This is Turkey!
It’s Around the World to Turkey. Bulgaria, Armenia, Greece, Georgia, Azerbaijan, Syria, Iran and Iraq. What do all these countries have in common with Turkey? They all border the country Turkey and can you imagine ALL the food influences that Turkish food will feature? This is our last whirlwind “trip” in cooking and culture this year, so come and jump on board and let’s find out what is happening with Turkey!
If yesterday’s meal is an indication of what’s ahead, then proudly let me stand with the Turks. Simply called “Chicken with Vegetables and Plums” with a hint of cumin and a lot of slow cooking goodness. I call it “plum delicious.” My new “borrowed” cookbook comes from a collection of Turkish recipes written by friends in North Carolina, called “Delicious Dishes.”
Take a look again at the photo and see the amazing fall colors. Potatoes, carrots, onion and chicken thighs with some dried plums simmered together with its own juices, create a simple and elegant meal.
I hope you will give this one a try. It is an easy dish to prepare. Let me know when you do, I would love to know what you think.
Chicken with Vegetables and Plums by Fatos Simsek
6-8 Pieces of chicken thighs
1 medium onion, chopped
1 green pepper, chopped
1 squash or 2 carrots, cubed
2 medium potatoes
1/2 cup dried pitted plums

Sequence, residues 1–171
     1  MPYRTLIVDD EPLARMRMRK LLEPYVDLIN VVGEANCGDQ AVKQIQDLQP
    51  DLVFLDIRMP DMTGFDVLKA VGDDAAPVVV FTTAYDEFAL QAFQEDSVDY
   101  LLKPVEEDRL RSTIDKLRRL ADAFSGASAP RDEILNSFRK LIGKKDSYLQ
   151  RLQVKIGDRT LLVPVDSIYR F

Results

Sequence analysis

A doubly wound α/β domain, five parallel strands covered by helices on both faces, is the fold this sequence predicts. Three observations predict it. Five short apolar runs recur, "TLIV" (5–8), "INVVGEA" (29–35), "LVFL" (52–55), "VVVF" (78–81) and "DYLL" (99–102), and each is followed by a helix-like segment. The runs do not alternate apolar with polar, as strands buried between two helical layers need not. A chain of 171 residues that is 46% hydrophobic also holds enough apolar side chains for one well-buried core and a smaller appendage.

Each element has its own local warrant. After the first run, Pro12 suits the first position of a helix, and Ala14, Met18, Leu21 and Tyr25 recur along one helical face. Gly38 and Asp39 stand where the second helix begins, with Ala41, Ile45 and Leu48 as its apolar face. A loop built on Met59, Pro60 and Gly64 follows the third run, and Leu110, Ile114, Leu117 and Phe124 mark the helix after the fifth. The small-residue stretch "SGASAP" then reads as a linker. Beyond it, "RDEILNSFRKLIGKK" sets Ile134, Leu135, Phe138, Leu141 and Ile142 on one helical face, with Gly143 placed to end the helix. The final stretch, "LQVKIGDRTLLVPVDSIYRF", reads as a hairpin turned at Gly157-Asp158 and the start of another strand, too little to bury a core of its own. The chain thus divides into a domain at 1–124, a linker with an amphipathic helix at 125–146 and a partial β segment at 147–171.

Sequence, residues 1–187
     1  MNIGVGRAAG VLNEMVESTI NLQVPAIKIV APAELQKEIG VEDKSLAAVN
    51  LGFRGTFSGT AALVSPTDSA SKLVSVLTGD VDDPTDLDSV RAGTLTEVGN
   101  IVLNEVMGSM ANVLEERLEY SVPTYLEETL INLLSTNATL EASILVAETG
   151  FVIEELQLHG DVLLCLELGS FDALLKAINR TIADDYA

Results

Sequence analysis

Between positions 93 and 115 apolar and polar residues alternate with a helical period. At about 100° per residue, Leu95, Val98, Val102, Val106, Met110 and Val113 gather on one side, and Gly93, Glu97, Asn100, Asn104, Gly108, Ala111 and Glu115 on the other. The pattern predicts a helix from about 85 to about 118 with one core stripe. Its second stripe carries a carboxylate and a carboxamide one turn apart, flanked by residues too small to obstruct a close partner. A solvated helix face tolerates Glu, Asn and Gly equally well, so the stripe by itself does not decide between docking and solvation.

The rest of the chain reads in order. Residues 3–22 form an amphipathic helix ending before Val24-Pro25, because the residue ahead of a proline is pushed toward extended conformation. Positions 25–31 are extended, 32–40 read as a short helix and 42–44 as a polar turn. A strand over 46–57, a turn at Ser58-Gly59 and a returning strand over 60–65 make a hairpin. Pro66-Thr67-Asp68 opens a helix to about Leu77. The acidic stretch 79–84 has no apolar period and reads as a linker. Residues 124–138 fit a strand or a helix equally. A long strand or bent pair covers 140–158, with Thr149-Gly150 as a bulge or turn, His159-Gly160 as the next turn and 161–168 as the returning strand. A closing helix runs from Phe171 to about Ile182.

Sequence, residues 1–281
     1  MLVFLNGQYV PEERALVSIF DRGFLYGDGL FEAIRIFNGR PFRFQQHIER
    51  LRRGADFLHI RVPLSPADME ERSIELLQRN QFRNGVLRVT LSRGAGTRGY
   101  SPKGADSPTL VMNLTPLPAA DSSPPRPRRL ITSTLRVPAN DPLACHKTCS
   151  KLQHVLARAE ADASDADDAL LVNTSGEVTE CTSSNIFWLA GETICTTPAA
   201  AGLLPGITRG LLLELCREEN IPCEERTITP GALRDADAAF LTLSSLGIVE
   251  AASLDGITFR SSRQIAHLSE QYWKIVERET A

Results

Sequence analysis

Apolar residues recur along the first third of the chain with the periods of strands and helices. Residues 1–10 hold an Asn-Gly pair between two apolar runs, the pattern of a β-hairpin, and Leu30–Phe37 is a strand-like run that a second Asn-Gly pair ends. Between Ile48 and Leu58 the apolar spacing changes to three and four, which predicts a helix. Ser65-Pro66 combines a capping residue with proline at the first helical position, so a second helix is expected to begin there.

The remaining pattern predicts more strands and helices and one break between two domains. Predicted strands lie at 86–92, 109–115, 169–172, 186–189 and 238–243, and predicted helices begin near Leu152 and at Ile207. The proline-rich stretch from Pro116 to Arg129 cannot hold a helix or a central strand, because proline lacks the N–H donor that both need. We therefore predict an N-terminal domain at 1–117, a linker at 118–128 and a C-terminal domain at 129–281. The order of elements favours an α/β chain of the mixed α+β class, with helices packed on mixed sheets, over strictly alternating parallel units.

2 Tablespoons olive oil
1/2 cup water
1/2 tablespoon cumin
Salt and Pepper to taste
(Although this dish says it requires a special earthenware pot, I used a heavy and large pan that worked just as well).
In large pan, with medium high heat, place olive oil and onions, brown onions for about 5 minutes.
Add chicken and cook each side for about 5 minutes. Combine with all then vegetables. Stir for a few minutes. Add cumin, half a cup of water, salt and pepper to taste. Top with the plums. Bring to a boil and then reduce the heat to very low. Cover tightly sealing the top of the pot with aluminum foil first and then placing with the lid. Cook on very low heat for about 2-2.5 hours. Do not stir or check while cooking. Serve hot with traditional white rice or bulgur pilaf.
My notes: I cooked my dish for about 3 hours. I think it would be nice to have this with turkey as well.
I hope you will enjoy Turkey as much as our family will this month. Lots of European and Asian influences and after cooking a couple of meals, the key to Turkish cuisine is the balance of flavors. How appropriate that for the month of November this country won out against others such as Greece, France, Ireland, Thailand, and Lebanon- (read my first post-Around the world-first stop…India!, to see how the countries are chosen). But, I have a feeling that you might encounter some flavor characteristics of these other countries-truly a Euroasian experience. As you may or may not know, this month really is turkey month for America and in our corner of the world, we will also celebrate the culture and cooking of the country Turkey. Come and join us this week as we venture into new territory, one last time this year.
Here is a sample of this weeks Turkish menu:
- Cabbage Stew
- Bean Salad
- Inverted Rice with Stew Meat
- Rice Pilaf with tomatoes
- Stuffed Green Peppers
- Turkish Wild Rice
- Piquant Kebap
- Leeks in Olive oil
- Spinach Casserole
Daha Sonra bakin-see you later!